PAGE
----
State lawmakers are expected to be called back to the Capitol next week to fix — and recraft — the state's embattled Child Protective Services.
Gov. Jan Brewer has scheduled an announcement this morning to discuss child welfare issues.
Press aide Andrew Wilder would not provide specifics, but it is widely known she has received the recommendations of a special panel which has been studying the problems at the agency, including how more than 6,500 complaints of abuse and neglect when uninvestigated despite state laws mandating they be reviewed.
Some of the agency's issues were addressed when Brewer removed CPS from the purview of Department of Economic Security Director Clarence Carter. Instead, she created a new Division of Child Safety and Family Services headed by Charles Flanagan.
But Brewer needs legislative approval to actually create an independent agency headed by someone who reports directly to her.
That's only part of what lawmakers will be asked to address, as some of it involves funding.
In January, Brewer requested $80 million in new funds for child welfare, most of that for new caseworkers.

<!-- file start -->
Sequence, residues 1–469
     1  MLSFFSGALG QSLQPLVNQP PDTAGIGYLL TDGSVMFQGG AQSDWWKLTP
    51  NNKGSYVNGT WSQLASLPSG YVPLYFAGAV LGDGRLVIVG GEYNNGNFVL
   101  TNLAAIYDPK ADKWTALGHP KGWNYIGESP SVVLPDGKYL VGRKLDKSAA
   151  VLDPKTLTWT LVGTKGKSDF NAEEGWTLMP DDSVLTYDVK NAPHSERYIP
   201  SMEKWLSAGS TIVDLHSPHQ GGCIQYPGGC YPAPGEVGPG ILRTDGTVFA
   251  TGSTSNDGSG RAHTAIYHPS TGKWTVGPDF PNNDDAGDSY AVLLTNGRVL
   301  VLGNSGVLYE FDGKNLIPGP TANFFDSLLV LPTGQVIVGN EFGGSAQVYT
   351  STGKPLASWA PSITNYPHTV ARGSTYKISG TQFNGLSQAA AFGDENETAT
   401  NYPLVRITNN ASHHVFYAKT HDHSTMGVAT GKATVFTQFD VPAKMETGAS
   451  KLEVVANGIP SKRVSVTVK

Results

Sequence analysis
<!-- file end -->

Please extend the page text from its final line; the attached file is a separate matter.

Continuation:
But legislative leaders balked, saying they wanted to see more details of exactly how this agency would function — and that it would not simply be the old CPS with a new name. So Brewer got about $59 million, with a promise of more if she can show it's necessary.
The other funding issue is a request by Rep. Kate Brophy McGee, R-Phoenix, to restore full funding for state-subsidized child care.
Right now there is a cap on enrollment, one that has created a waiting list of 6,600 families. Brophy McGee has argued there's a direct link between inadequate funding for child care and the number of reports of abuse and neglect.
Lawmakers also will need to decide whether more abuse and neglect complaints should be handled as criminal matters.